Does carrageenan, a food stabilizer made from red seaweed, cause cancer? No, that's not true: A registered dietitian told Lead Stories that there is no substantial evidence that carrageenan causes cancer. Neither the Food and Drug Administration, nor the European Food Safety Authority have found safety concerns with using carrageenan as an additive.
The claim that carrageenan causes cancer appeared in a TikTok video (archived here) reposted on Instagram on November 29, 2022. A text comment posted with the video reads:
SPREAD THE WORD TO EVERY PARENT YOU KNOW. EVERYONE NEEDS TO KNOW WHAT THEY ARE PUTTING IN CHILDRENS TOOTHPASTE. REALLY @toms_of_maine should be ashamed of themselves. The fact that the branding on the toothpaste says safe to swallow, NATURAL INGREDIENTS.. when will the lies stop? #wakeup #parents #organicparents #parentstobe #moms #dads #fatherhood #motherhood #naturalingredients #tomstoothpaste #toxictoothpaste #toxicingredients #spreadtheword #thisisnuts #imshook #crazyworld #bigfamily #familylife #warning #foryou #viralvideos #facts #educational #research #organic #toddlerlife #toddlermom #3yearolds
The video shows a woman and a toddler in a bathroom. The woman says:
OK, all the moms need to know about this toxic toothpaste that you think is so great because it says right on it, 'Fluoride-free, natural toothpaste.' You go to the ingredients. The main ingredient on this toothpaste is carrageenan. Cancer!
She does not provide any proof or research to substantiate her claim.
This is what the post looked like on Instagram at the time of the writing of this fact check:
(Source: Instagram screenshot taken on Wed Nov 30 15:03:14 2022 UTC)
The product seen in this video is Tom's of Maine's Fluoride-Free Toddler Training Toothpaste. The ingredient list can be found when clicking on "Explore Our Ingredients" in the product page's banner. Carrageenan is listed as an ingredient in this toothpaste.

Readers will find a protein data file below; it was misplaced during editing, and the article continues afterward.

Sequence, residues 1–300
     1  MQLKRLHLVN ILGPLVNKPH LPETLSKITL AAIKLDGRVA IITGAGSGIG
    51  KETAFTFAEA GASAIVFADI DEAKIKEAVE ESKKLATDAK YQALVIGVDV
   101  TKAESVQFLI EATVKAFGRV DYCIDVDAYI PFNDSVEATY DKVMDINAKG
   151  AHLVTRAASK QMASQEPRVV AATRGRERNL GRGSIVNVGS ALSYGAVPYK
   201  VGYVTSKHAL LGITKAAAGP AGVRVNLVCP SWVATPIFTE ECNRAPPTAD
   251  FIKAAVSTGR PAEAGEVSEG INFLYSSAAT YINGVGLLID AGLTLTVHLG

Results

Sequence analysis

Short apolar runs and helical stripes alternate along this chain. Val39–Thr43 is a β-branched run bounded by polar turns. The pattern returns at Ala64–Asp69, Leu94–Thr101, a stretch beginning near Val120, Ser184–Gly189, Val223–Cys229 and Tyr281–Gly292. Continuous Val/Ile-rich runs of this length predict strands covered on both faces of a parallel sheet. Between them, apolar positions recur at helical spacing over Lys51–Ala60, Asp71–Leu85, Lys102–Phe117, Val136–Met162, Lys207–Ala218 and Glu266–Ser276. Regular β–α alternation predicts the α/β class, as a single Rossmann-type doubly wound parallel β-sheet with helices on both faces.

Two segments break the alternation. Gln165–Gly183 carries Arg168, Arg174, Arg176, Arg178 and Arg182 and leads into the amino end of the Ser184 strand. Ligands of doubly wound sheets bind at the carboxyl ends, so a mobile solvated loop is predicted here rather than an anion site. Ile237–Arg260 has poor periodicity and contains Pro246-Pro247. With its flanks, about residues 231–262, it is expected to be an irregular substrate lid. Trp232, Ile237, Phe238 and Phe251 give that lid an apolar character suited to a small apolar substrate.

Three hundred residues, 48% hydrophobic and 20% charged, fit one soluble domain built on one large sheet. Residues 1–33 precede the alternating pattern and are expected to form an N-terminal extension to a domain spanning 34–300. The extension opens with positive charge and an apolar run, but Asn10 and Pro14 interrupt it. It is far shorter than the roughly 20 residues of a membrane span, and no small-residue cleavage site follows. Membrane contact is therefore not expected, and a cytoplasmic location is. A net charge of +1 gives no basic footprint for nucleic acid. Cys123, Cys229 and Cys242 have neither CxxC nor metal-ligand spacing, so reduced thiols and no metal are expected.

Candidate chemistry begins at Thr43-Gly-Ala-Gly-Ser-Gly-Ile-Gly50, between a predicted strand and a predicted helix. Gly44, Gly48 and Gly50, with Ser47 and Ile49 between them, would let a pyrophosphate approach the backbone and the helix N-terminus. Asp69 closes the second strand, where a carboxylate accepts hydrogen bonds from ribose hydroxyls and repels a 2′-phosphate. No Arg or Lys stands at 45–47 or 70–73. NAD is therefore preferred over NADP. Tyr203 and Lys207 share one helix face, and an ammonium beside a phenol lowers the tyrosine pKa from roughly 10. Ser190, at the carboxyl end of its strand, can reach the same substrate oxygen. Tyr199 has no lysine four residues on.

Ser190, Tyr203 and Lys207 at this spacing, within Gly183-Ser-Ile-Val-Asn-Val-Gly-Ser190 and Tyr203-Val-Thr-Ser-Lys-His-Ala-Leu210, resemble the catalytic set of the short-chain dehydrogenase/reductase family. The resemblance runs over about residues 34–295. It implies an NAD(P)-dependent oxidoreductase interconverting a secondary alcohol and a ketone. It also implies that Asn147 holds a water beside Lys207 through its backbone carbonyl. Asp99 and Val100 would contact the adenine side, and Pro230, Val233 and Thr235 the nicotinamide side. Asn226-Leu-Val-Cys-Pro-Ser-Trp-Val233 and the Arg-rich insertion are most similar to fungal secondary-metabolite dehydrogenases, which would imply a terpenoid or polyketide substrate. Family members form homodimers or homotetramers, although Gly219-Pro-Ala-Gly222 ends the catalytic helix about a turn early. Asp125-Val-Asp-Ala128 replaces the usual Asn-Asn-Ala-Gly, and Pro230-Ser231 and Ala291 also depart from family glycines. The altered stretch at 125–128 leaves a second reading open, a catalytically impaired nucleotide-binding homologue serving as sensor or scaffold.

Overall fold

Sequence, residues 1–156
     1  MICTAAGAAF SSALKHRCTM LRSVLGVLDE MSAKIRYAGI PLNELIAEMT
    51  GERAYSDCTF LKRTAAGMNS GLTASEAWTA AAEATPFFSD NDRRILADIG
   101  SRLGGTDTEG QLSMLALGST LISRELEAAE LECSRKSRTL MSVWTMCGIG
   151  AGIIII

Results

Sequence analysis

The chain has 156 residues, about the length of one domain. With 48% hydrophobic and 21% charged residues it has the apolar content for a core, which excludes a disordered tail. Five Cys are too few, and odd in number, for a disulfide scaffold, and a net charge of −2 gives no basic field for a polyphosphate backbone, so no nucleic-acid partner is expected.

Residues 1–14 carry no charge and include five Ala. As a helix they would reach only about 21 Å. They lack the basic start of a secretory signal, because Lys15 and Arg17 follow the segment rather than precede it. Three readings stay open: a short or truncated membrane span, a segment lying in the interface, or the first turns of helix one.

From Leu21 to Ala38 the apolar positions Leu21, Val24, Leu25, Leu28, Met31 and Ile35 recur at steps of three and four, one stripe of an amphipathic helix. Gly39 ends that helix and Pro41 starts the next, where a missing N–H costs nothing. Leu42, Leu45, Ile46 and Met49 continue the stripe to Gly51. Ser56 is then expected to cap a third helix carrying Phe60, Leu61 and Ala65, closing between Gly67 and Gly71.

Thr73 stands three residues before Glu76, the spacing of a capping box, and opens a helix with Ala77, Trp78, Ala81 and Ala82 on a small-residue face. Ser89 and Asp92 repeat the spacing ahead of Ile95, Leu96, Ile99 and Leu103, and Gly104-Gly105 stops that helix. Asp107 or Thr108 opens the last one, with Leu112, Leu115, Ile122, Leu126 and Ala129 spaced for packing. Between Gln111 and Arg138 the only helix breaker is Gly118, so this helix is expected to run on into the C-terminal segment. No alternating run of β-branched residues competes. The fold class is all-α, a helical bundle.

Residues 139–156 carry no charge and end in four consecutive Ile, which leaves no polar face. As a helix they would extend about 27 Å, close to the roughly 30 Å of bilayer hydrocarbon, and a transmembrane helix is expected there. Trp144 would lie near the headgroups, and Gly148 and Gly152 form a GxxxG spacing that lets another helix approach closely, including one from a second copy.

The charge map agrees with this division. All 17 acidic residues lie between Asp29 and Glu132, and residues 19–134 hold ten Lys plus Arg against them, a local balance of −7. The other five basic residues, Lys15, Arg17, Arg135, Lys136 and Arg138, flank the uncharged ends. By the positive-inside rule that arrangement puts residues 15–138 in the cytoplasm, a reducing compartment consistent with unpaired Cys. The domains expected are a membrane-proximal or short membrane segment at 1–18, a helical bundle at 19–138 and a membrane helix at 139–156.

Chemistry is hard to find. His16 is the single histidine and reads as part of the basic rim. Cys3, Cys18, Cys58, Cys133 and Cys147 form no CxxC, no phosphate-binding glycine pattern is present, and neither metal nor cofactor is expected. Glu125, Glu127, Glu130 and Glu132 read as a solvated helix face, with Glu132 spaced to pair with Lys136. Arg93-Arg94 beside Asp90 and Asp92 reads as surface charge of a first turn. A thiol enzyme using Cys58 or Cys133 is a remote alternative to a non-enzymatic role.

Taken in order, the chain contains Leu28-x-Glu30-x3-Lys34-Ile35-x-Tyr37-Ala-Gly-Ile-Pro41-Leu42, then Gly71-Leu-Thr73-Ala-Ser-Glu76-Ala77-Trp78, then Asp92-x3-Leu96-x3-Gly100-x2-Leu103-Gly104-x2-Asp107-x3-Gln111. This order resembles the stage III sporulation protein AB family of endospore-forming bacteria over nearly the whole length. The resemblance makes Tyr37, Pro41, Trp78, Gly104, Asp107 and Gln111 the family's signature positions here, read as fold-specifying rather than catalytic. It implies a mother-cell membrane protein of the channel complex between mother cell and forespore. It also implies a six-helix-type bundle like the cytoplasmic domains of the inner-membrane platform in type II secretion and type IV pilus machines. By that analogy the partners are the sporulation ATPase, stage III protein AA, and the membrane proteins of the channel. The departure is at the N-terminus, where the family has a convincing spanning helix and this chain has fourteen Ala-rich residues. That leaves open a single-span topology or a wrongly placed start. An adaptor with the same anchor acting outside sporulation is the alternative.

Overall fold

Tom's of Maine also has a page on its website dedicated to carrageenan as an ingredient. The company defines carrageenan as a "soluble fiber derived from red seaweed," which has been used as a thickener and stabilizer, mainly in foods like reduced-fat ice cream or frozen yogurt. In this toothpaste, the company states that the ingredient is used as a "Binder/Gum."
The Food and Drug Administration (FDA), which oversees food-safety regulations in the United States, has listed carrageenan as a Generally Recognized As Safe food additive. Lead Stories contacted the FDA for comment and will update this article accordingly when a response is received.
Registered dietitian Toby Amidor, a nutrition expert who addressed concerns about carrageenan in a 2018 interview with Today's Dietitian, echoed the FDA's assessment. In a December 1, 2022, email response to a Lead Stories inquiry about whether she had found evidence that cancer and carrageenan are linked, Amidor wrote:
Based on my research there is no substantial evidence that carrageenan causes cancer.
In 2018, the European Food Safety Authority, an independent agency that monitors food safety in the European Union, published a re-evaluation of carrageenan and its species group, Eucheuma, as food additives. In that paper, the agency reported that "there was no concern with respect to the carcinogenicity of carrageenan."
Lead Stories previously debunked a claim that carrageenan in Dairy Queen's Soft Serve ice cream could cause cancer and heart disease.
Experts also have found no grounds for alarm about carrageenan in other food products. In 2014, the World Health Organization and the United Nations' Food and Agriculture Organization reviewed scientific studies on carrageenan and found that its use in infant formula is "not of concern" at up to 1,000 milligrams per liter.
Additional Lead Stories fact checks of claims that mention carrageenan can be found here.